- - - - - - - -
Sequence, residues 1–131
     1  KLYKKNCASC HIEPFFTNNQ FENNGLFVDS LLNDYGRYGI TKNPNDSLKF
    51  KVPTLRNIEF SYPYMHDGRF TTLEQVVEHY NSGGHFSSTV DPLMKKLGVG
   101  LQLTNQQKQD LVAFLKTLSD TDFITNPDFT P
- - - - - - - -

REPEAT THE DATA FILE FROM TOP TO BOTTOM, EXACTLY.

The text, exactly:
Sequence, residues 1–131
     1  KLYKKNCASC HIEPFFTNNQ FENNGLFVDS LLNDYGRYGI TKNPNDSLKF
    51  KVPTLRNIEF SYPYMHDGRF TTLEQVVEHY NSGGHFSSTV DPLMKKLGVG
   101  LQLTNQQKQD LVAFLKTLSD TDFITNPDFT P